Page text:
Why are property transactions taking so long?
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The events of the last year have taken their toll on every aspect of society and had repercussions in every industry. One area that has really seen the effects of the pandemic is the property market, with house prices fluctuating, stamp duty changes and transaction delays. We outline exactly why property transaction times have been delayed.
Before the pandemic hit, house buyers could expect their property transactions to complete in around 3 or 4 months, however, since COVID, that timeframe has increased up to an average of 5 or 6 months, and in some cases, depending on the length of the chain, even longer than this. There are numerous factors which have contributed to this delay in the conveyancing process, and these factors span every aspect of the house purchase procedure. To fully understand the conveyancing process buyers can check out online guides such as https://www.samconveyancing.co.uk/conveyancing-process.
Absences and working from home delays
Like every other industry, the property industry was hit by the same challenges arising from the pandemic, such as staffing issues at times due to illness and self-isolation periods. Staff working from home has also had an impact as certain practices and procedures have taken longer when working remotely.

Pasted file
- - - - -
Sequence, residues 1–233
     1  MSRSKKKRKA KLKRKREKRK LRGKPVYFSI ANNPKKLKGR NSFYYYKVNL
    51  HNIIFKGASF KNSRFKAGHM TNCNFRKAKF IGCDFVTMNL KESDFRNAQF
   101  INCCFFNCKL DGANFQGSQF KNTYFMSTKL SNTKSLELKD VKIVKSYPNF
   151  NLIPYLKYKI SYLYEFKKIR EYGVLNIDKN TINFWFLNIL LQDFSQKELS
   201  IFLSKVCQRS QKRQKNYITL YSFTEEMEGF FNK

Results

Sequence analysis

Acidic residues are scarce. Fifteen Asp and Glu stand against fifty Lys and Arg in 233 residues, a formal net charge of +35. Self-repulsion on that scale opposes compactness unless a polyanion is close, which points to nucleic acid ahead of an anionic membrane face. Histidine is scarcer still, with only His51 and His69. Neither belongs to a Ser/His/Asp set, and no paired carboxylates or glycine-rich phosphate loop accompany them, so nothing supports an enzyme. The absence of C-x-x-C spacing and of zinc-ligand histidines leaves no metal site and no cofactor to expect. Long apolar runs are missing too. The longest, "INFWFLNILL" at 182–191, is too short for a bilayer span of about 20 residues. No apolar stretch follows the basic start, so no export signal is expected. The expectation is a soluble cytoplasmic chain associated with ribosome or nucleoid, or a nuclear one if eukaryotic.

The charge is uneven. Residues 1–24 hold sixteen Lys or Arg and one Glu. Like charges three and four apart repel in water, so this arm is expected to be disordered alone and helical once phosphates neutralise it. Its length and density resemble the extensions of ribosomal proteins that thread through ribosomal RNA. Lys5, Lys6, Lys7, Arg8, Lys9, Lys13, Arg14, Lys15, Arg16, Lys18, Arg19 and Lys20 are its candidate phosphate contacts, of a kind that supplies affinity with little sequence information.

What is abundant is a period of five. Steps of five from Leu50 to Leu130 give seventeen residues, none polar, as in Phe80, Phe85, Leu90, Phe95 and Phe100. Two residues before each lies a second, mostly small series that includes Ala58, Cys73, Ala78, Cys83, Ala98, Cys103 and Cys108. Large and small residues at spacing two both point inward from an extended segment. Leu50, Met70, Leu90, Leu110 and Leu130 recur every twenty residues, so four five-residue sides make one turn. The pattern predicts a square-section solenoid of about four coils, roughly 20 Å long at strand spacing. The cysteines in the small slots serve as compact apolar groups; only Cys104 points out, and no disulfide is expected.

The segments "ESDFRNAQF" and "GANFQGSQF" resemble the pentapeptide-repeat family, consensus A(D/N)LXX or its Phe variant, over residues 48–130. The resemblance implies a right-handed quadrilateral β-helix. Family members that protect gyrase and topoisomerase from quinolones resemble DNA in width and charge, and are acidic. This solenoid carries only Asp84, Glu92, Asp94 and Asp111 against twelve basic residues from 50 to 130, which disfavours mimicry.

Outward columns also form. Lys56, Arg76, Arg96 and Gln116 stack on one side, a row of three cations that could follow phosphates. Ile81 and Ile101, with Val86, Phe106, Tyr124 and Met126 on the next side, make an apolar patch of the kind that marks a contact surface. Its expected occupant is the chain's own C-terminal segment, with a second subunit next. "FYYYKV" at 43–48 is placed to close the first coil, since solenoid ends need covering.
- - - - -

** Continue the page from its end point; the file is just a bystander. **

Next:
Searches, surveys and valuations
Surveys and valuations have been disrupted, causing issues with the conveyancing procedure. Because surveys were not able to be carried out for a period of time, surveyors were extremely busy after the first lockdown restrictions were lifted, allowing them to survey in person again, leading to long waiting times. In some instances, buyers have been forced to reapply for searches and surveys, which only last 3 months, due to lengthy delays.
There have been some delays with mortgage applications getting to the offer stage, and as many people have experienced significant changes in financial circumstances, which must be reported to the mortgage provider, these issues can slow the process down.
Stamp duty holiday
When the property market was reopened up after the first lockdown in spring 2020, considerable demand had built up. The announcement of a stamp duty holiday only added to the buyer demand, leading to a rise in house prices. By December, the average house in the UK rose to a record £253,374 as buyers rushed to save thousands of pounds on their purchases during the stamp duty holiday.
It is estimated that almost 550,000 buyers are now waiting to complete before the end of stamp duty holiday at the end of March, this is double the usual figure in the first quarter of the year, so it’s no wonder that there are delays dealing with the sheer volume of house purchases.
Just as in every other industry, the property industry is adjusting and adapting to the current circumstances as best it can, but buyers should be prepared for a longer wait while the situation improves.
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